If you are thinking about paying for identity-theft protection, it’s worth checking to see if you already have access to free or deeply discounted monitoring services or recovery help.
Your chances of being affected by a data breach are about 1 in 15 in any single year — and it’s virtually guaranteed that your identity will be compromised sometime in your lifetime, said James E. Lee, chief operating officer of the Identity Theft Resource Center, a nonprofit that assists identity theft victims.
While there’s no way to eliminate the risk completely, you can minimize it.
You can purchase ID theft-protection services, which can cost $200 or more per year. But you may also have access to free or low-cost services you can activate. Sources could include your bank or credit union; your credit card issuers; your employee-benefits plan; your homeowners or renters insurance, and organizations you belong to, such as AAA or AARP.
Also, if you are affected by a data breach, you will likely be offered free credit or identity theft monitoring for a time.
Lee suggests checking your choices, picking the protection you like best and activating it.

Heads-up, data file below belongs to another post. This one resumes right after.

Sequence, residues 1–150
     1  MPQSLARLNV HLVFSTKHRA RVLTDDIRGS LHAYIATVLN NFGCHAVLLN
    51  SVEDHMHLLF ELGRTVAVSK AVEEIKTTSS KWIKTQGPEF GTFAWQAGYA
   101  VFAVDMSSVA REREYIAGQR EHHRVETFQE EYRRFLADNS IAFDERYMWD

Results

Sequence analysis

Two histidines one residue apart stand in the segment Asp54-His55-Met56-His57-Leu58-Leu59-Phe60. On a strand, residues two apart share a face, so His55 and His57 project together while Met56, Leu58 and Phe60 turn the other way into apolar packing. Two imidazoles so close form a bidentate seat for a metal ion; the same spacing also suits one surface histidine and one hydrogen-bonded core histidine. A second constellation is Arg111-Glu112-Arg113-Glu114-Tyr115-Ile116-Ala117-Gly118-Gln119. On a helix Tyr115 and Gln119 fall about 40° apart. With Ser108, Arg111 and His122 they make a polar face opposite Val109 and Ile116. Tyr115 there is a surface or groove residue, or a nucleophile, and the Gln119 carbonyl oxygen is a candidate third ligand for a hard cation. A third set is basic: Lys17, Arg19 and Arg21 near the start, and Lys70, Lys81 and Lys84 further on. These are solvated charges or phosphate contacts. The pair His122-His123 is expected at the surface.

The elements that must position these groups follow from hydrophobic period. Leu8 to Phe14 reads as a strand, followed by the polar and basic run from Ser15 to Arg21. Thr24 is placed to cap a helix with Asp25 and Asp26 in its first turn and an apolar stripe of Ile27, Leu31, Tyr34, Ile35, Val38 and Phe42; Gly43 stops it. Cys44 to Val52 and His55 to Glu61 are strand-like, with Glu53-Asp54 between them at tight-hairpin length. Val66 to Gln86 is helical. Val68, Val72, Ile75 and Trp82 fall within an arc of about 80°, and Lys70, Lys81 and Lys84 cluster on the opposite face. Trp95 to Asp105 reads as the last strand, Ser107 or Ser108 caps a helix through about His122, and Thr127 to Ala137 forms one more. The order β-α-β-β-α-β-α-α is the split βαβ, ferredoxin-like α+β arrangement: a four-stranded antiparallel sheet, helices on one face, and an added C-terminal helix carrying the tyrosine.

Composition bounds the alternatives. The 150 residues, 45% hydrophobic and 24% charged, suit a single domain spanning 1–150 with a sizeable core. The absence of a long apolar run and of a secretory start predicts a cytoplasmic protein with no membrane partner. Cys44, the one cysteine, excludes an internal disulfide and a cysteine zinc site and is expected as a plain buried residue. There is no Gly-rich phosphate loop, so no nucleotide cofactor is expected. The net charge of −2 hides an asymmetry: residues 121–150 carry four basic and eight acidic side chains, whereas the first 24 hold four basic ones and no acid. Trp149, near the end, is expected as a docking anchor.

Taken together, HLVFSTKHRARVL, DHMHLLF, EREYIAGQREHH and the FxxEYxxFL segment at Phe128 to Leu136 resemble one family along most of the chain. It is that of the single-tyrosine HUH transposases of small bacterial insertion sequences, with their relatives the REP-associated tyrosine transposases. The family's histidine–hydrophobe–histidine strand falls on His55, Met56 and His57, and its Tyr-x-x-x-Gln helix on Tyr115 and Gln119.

On the other end of the spectrum, cybersecurity and ID theft expert Robert Siciliano, head of training at Protect Now, signs up for all the free protection he can get.
“I am of the notion that the more awareness you have, the better,” he says. “I get alerts all the time, and I love that.”
There are two main types of identity-theft protection. The first is monitoring. At its simplest, it notifies you when your credit is checked. It generally goes beyond just credit monitoring and adds things like fraud resolution services or lost wallet protection.
The second type, identity-theft recovery assistance and insurance, is designed to help you clean up the effects of identity theft.
Insurance generally helps victims recover financial losses and money spent as a result of identity theft. Plans can be as different as health insurance policies, Siciliano warns. The types and amounts of coverage vary, and so can the documentation required to access them. Read the terms and conditions or terms of service, and know what receipts or records you might need to provide.
The best way to reduce risk is to make yourself less of a target. A credit freeze is the closest you can come to a rock-solid guarantee that scammers cannot access your personal credit data. Both Lee and Siciliano recommend it as the first line of defense. Other strategies include choosing long passwords, avoiding recycled passwords, and using two-factor authentication when it’s offered.
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